Sunday, November 19, 2006

Richard S, Wheeler; Harry Whittington

From Richard S. Wheeler

Even as mass-market westerns continue to disappear from the racks, new forms of the western story are rising. The relentless decline of mass-market westerns is, I believe, largely the fault of the rigid publishers who still slap a picture of a cowboy with a blazing gun on almost every cover no matter what is inside. When the last mass-market western rolls of the press (any day now) it will still have the cowboy and blazing gun on its cover. But I won't spend time here about that.

We are seeing the rise of a phenomenon: the university press western. A few presses, such as the University of New Mexico and University of Oklahoma, are generating western fiction, some of it good, even as the old ritualized mass-market variety vanishes. 
One of the most remarkable of these is High Country, by Willard Wyman, published by the University of Oklahoma Press. It is a breathtaking novel about a packer and follows his life in from the 1930s to the 1960s. I rank it as one of the greatest of all westerns, and believe it will eventually make the all-time-best-western lists, once it has been widely read. If anyone has any doubt about that, look at the reader comments on Amazon.

  Its hero, Ty Hardin, grows up on a hardscrabble ranch and becomes a packer, taking people into the Bob Marshall Wilderness of Montana, and eventually into the Sierra Nevada. It's also a great love story. In fact, the women in the novel are as enduring and strong and richly textured as the men, especially Cody Jo, the wife of Ty's mentor, for whom he has a tender and unrequited love. Hardin packs for the Forest Service and for hunters and for adventurers who want to probe deep into wilderness. In World War Two he sees mechanization replace mules, and after his wounding and discharge he retreats to the high country, where he can continue to do the things he loves, and be near the woman he loves.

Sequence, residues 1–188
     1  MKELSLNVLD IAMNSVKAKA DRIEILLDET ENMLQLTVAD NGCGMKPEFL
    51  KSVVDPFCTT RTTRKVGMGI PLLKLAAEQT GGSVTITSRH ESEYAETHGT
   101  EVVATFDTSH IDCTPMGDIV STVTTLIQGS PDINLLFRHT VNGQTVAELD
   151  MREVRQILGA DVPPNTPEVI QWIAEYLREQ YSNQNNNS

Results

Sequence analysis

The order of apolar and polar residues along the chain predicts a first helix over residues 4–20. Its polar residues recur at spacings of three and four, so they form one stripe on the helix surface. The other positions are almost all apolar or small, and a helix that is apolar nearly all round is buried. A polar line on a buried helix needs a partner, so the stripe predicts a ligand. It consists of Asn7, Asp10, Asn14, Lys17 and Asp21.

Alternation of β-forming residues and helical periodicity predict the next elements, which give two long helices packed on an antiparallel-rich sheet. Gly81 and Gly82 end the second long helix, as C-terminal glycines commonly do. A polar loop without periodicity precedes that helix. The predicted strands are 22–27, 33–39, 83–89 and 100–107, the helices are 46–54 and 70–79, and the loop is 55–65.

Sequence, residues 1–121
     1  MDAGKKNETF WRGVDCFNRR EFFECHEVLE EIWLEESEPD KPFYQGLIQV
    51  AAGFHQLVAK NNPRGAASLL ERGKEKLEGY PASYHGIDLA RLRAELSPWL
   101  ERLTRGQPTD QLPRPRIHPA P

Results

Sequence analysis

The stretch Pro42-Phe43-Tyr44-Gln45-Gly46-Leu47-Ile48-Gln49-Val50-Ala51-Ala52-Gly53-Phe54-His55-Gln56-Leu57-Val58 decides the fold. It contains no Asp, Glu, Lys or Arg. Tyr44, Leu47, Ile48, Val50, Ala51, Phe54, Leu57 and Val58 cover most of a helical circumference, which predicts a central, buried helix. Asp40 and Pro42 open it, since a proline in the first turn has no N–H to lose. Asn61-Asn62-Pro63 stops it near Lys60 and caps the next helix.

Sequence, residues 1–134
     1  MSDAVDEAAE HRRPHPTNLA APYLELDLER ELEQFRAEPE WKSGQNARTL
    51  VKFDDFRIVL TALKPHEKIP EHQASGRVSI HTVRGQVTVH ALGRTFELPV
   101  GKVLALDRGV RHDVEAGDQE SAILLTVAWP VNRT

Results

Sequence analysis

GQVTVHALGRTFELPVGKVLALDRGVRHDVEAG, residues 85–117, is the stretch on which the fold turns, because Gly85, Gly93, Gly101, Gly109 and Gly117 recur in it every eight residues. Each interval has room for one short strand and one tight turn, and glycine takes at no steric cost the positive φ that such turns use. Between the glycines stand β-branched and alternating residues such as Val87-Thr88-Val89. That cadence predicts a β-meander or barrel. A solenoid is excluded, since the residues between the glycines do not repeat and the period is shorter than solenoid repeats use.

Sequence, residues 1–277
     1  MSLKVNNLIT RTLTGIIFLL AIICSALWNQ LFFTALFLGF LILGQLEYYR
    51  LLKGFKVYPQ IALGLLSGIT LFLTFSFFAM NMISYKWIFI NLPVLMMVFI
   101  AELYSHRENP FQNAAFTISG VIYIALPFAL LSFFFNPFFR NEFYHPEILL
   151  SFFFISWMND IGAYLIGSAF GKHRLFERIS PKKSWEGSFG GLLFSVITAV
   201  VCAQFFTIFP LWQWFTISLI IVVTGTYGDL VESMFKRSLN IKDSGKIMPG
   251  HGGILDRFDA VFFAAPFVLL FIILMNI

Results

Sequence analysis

Its author, Bill Wyman, is a retired California English professor, dean of students at Stanford, and headmaster of a private California school. He is a packer himself, and is as deeply rooted in the lore of mule packing as his hero. He knows the mountains, their joys and dangers, as well as his hero does.

  The novel won two Spur Awards (best first novel, and best long western novel) and I suspect it will be widely celebrated. Beyond that, it is well on its way to becoming a legend.

  Meanwhile, academic presses, of all things, are starting to churn out western fiction. Years ago, William Kittredge said that western fiction had to get out from beneath the "western" in order to bloom. At the time he said that, around 1990, he angered me. It smacked of academic elitism. Now I simply agree with him. He had taken a closer look at the sclerotic western fiction pouring from the mass-market houses than I had. The pocketbook western proved to be too calcified to change or grow, and its present demise does not mean the end of western fiction, but the beginning of something much better.